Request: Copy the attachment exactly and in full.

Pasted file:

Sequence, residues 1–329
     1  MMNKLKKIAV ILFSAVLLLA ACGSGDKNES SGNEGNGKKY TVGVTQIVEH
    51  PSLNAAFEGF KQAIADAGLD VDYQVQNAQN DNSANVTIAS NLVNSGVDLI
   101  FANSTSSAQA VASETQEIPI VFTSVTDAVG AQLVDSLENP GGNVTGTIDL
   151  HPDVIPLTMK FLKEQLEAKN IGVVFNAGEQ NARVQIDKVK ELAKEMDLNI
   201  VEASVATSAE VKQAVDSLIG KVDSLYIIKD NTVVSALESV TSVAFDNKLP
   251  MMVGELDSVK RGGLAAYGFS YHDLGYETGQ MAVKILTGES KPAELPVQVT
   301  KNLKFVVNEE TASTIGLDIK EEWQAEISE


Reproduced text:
Sequence, residues 1–329
     1  MMNKLKKIAV ILFSAVLLLA ACGSGDKNES SGNEGNGKKY TVGVTQIVEH
    51  PSLNAAFEGF KQAIADAGLD VDYQVQNAQN DNSANVTIAS NLVNSGVDLI
   101  FANSTSSAQA VASETQEIPI VFTSVTDAVG AQLVDSLENP GGNVTGTIDL
   151  HPDVIPLTMK FLKEQLEAKN IGVVFNAGEQ NARVQIDKVK ELAKEMDLNI
   201  VEASVATSAE VKQAVDSLIG KVDSLYIIKD NTVVSALESV TSVAFDNKLP
   251  MMVGELDSVK RGGLAAYGFS YHDLGYETGQ MAVKILTGES KPAELPVQVT
   301  KNLKFVVNEE TASTIGLDIK EEWQAEISE